Designs of Chaos’ new EP The Darkest Storm shows once again what a fertile breeding ground the UK is for Metal bands. Let’s find out a bit more about this promising band…
For those who are unfamiliar with your band – introduce yourself!
We like to think of ourselves as a modern metal band from London, nothing fancy, no technical sub genre to hide behind, just plan and simple metal. Some say technical death metal, we just like to say metal. We play fast, we hit hard and we sing about stuff that has meaning to us, and we enjoy ourselves while we do it.
Give us a bit of history to Designs of Chaos
Designs of Chaos has been around for 7 or 8 years in one form or another, but we’ve only recently become the band we are today. Several members have come and gone, but it wasn’t until Jay joined as our frontman 4 years ago that we’ve felt that we were the band we wanted to be. Jay forced us to play faster and heavier than we had in the past and took us in the direction we always wanted to go. We have come a long way since our humble begins and we try to bring influences from all the members of the band to deliver the package we’ve become.
Where did the band name come from?
The name was thought up by a couple of ex-members, they liked the juxtaposition of the order in chaos, they pitched it to us and we liked it, it just kind stuck from then on.
What are your influences?
We have a vast array of influences, each member has quite a different background, Dean is an old school thrash head and loves bands like Exodus, old school Metallica, Sepultura and even more modern bands like Lamb of God. So we get a lot of our fast thrashy roots from his love for that style. Jay has a more modern post hardcore, technical death metal influences which is where his vocal style comes from. All the band has similar bands we all draw from like Lamb of God, Meshuggah and Metallica, so we just throw it all together and see what comes out the other side.
What are you listening to at the moment that you would like to recommend?
The new Lamb of God album is sick, plus the new Between the Buried and Me is really different. Also look out for the new Enabler album that’s pretty awesome as well.
The Darkest Storm has a much more aggressive edge to it than some of your peers – is it important to you to keep this intensity and heaviness in your sound?
That’s what we like, we’re not really into melodic vocals at the moment, we might go down that route one day, but it’s not where we are right now. We enjoy heavy and fast paced song therefore we play that style. When someone brings in a new song or a riff we all have to be feeling it to get it to work, we’re very critical of our own work like that, but we’re all in it together so we all have to like our output or it’s not going to work.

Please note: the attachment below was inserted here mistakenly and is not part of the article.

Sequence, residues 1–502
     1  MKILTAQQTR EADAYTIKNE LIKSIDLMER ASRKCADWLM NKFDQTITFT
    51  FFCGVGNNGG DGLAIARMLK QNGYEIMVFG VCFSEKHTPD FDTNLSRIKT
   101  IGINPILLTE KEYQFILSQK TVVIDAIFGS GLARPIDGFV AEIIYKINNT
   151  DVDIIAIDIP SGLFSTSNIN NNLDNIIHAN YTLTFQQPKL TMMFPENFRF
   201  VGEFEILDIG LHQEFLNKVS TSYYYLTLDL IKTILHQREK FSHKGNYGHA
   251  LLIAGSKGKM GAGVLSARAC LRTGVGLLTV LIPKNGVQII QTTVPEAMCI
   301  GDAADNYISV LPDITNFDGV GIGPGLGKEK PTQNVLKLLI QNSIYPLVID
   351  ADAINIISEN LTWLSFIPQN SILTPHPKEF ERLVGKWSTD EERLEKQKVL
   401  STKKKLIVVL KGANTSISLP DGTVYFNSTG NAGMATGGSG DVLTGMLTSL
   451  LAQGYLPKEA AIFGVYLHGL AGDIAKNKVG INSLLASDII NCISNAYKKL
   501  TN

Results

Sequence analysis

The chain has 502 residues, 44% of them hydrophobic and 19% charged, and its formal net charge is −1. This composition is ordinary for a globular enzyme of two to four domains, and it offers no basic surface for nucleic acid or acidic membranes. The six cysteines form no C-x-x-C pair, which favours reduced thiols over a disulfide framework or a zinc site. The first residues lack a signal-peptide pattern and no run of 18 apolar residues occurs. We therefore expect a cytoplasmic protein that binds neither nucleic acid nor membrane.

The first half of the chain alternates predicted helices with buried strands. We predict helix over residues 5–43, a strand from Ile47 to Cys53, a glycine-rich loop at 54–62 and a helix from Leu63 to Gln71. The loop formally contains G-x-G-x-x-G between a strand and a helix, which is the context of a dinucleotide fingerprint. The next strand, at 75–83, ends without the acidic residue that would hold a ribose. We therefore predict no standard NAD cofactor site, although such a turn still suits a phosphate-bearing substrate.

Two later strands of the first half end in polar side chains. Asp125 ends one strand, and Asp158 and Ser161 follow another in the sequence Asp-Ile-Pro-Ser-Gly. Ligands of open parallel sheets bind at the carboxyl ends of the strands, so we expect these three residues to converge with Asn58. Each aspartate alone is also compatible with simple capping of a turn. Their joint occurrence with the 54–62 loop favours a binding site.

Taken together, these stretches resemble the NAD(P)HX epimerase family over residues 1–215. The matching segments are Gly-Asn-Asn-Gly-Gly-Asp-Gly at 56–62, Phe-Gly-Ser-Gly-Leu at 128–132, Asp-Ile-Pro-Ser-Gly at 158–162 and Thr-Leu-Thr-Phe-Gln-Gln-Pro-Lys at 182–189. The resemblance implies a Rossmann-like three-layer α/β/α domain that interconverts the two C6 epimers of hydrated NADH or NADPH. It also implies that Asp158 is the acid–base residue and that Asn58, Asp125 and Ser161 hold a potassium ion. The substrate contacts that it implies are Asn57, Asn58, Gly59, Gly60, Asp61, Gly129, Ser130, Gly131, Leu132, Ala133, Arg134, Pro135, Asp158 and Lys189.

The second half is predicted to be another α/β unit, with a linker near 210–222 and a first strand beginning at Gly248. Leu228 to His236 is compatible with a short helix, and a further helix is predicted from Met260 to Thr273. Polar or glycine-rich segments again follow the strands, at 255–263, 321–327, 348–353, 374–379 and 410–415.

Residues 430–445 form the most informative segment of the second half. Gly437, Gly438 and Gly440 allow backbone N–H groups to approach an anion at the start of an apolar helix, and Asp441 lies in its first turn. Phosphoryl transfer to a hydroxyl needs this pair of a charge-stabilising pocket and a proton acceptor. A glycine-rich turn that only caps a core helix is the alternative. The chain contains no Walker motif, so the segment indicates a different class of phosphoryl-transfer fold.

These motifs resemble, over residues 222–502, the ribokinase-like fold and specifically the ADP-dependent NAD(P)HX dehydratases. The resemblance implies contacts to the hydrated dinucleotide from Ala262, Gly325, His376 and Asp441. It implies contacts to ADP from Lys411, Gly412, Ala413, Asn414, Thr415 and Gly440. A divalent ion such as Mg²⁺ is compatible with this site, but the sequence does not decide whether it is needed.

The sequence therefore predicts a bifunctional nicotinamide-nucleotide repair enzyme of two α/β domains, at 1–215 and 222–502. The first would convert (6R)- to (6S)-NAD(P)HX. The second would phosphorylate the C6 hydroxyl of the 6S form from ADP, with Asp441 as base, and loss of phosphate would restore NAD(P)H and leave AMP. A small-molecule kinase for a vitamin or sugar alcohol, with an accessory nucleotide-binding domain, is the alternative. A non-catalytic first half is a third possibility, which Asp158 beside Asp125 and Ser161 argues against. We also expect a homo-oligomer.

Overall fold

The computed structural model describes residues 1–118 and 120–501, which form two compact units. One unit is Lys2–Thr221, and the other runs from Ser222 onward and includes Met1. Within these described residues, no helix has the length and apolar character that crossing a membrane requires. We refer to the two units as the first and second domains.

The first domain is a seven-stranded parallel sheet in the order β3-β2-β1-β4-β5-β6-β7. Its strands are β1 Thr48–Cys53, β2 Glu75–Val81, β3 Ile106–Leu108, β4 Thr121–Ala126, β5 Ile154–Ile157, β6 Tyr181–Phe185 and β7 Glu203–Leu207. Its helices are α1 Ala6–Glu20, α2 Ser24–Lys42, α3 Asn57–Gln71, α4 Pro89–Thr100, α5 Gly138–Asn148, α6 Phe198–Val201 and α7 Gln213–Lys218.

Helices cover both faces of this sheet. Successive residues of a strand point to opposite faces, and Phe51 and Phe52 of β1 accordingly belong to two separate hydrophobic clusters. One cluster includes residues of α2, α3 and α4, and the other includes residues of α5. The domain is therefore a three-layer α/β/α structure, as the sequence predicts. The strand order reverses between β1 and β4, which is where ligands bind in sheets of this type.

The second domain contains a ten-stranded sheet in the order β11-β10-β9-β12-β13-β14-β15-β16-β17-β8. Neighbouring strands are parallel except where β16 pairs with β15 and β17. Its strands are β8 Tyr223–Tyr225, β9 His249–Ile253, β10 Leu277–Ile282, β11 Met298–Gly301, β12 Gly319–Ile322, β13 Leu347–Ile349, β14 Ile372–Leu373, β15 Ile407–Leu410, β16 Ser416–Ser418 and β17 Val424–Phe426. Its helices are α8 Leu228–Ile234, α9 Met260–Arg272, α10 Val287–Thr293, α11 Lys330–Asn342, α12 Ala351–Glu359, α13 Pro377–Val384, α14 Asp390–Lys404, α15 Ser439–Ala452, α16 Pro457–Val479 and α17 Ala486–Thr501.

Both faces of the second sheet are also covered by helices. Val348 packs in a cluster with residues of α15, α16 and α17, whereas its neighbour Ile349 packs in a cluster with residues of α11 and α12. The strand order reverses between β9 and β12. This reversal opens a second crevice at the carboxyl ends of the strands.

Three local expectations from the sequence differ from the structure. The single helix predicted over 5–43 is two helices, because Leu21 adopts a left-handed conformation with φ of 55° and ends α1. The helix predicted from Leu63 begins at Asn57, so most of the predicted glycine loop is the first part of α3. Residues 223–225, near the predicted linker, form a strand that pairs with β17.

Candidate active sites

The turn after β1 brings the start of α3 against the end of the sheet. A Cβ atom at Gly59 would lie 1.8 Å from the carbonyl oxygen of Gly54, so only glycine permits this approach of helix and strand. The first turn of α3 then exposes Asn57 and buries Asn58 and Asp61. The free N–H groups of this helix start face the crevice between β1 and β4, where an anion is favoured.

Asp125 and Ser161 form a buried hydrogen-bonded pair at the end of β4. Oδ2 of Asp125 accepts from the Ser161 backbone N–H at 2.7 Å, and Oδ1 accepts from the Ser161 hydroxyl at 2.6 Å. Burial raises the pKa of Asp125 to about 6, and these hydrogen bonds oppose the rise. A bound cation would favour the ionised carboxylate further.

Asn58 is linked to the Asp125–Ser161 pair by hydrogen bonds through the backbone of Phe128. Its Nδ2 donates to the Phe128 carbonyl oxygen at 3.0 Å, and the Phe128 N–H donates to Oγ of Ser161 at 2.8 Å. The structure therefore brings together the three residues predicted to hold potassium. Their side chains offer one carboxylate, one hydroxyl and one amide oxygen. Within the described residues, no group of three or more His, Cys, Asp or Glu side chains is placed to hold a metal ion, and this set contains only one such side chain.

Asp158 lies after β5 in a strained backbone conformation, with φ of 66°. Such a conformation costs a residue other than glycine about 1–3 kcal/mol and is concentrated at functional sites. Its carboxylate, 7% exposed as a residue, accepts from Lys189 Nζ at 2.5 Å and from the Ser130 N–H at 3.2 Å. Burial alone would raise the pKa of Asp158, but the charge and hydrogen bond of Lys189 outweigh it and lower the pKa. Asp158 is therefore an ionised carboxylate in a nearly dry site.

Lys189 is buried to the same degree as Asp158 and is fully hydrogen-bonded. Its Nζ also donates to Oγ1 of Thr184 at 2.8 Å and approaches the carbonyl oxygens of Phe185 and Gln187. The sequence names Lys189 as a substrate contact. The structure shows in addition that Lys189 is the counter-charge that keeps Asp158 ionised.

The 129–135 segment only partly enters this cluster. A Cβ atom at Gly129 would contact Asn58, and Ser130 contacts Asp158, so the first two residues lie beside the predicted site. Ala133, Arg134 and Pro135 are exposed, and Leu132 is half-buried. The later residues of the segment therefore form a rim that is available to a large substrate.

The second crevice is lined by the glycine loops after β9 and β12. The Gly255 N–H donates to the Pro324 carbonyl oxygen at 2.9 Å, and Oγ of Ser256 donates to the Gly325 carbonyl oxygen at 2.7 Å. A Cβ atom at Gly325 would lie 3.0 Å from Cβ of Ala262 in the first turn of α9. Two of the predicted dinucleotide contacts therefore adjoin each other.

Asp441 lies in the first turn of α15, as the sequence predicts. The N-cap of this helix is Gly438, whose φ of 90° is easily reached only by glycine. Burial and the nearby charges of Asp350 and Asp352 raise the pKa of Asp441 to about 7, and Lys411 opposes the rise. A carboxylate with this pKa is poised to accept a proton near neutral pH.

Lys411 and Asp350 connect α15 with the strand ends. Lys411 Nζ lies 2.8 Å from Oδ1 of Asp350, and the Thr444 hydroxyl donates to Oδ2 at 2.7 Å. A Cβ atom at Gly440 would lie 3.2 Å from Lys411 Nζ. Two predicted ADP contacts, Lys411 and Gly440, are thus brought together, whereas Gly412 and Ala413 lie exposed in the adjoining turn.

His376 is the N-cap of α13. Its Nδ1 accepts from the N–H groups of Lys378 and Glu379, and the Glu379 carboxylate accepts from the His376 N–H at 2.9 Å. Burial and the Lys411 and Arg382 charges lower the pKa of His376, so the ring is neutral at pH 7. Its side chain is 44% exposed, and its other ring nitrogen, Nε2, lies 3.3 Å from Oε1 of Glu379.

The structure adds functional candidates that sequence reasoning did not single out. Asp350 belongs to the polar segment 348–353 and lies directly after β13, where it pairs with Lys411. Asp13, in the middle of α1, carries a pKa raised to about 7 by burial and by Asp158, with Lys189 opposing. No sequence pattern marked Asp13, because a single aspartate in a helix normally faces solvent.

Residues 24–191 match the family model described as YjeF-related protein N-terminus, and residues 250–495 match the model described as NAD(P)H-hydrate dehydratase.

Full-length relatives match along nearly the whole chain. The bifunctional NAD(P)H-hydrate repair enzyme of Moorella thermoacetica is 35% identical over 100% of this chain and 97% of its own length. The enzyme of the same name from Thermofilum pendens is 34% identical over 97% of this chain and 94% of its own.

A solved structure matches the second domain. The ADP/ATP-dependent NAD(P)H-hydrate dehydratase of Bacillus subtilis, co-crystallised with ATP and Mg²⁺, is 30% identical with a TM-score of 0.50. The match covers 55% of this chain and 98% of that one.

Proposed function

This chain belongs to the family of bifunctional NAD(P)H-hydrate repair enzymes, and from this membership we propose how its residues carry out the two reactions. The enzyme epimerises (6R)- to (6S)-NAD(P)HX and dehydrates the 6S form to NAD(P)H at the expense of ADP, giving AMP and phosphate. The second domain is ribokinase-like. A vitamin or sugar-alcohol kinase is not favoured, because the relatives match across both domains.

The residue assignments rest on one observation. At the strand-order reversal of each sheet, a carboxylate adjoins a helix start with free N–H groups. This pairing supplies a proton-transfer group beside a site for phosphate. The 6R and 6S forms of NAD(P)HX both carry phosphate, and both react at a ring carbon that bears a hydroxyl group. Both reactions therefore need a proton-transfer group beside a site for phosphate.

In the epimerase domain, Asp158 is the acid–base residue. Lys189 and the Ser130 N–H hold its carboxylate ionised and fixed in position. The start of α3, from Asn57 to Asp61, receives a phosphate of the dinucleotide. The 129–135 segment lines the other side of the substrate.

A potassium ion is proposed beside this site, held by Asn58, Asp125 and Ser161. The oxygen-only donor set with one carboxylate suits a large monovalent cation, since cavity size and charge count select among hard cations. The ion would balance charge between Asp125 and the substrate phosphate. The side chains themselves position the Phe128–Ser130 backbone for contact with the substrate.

We get great feedback from people at our shows, we just give 110% and really try and give people a good performance. Jay especially tries to really engage with everyone in the crowd and get everyone involved, jumping around the stage like the crazy monkey he is, we all go nuts for how ever long we’ve got, it’s exhausting at times but such a rush!
What’s your favourite song on the EP and why?
It’s fair to say we all have a special place for Darkest Storm in our hearts. For us it’s more than just a song we wrote. It was written and partially recorded right before our close friend and drummer died last year. The lyrics are about having someone there for you during tough times, so we all felt it spoke to us when we lost him, and we all drew strength from each other to get us through, what was our darkest storm.
What are the subjects/themes of the songs on this EP?
I’ve already spoken about darkest storm, but Social Phantom is about how the social media has connected us so much that we know more people than ever before and yet are just as isolated as ever. You watch vicariously as “friends” are out having fun, but they never see you, or they might interact with you online then blank you totally on the street. The social media frenzy of late is really weird and we tried to address that.
Give us a bit of information on your songwriting process
I’ve already touched on it really, but generally Dean or JD will bring a riff into the studio and we’ll jam it out, and start to work on the composition, Jay does all the lyrics himself and tends to wait until the song is more or less complete before finalising his lyrics, we all jam through the track as much as possible and really hammer out the dents until it’s a smooth and polished piece.
How did the recording go?
JD is a wicked recording artist, and we did all the recording with him, either in a studio or just at his home. It was the first time we’ve ever recorded in this style as historically we’ve always gone into a studio and recorded everything over the course of a couple of weekends or something so this was a little alien to what we’re used to but it allowed us more time to get everything perfect.
How do you see your songs/direction developing in the future?
Right now we have been focused on getting our last EP out to everyone, so we don’t know how our songs will form next, we’ve got a few things kicking about which we are working on, but nothing solid as of yet. We just want to make good metal songs that we and others enjoy, who knows where that thinking might take us.
What’s next for Designs of Chaos?
We’ve got a few shows lined up in the future and we’re just going to be getting out there and trying to play to as many people as possible. We’re playing Beermageddon in August and we’re all looking forward to that, then we will continue to look for shows around London, and who knows we might even get to do a UK tour in the winter.